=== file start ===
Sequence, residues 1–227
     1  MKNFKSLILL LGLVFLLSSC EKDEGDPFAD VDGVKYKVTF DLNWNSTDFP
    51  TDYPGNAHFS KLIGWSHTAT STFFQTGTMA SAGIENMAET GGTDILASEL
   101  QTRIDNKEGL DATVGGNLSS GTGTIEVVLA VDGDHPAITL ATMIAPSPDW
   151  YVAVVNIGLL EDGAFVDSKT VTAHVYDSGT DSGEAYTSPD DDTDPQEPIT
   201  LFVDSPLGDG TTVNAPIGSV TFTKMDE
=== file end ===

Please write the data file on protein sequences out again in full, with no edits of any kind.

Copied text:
Sequence, residues 1–227
     1  MKNFKSLILL LGLVFLLSSC EKDEGDPFAD VDGVKYKVTF DLNWNSTDFP
    51  TDYPGNAHFS KLIGWSHTAT STFFQTGTMA SAGIENMAET GGTDILASEL
   101  QTRIDNKEGL DATVGGNLSS GTGTIEVVLA VDGDHPAITL ATMIAPSPDW
   151  YVAVVNIGLL EDGAFVDSKT VTAHVYDSGT DSGEAYTSPD DDTDPQEPIT
   201  LFVDSPLGDG TTVNAPIGSV TFTKMDE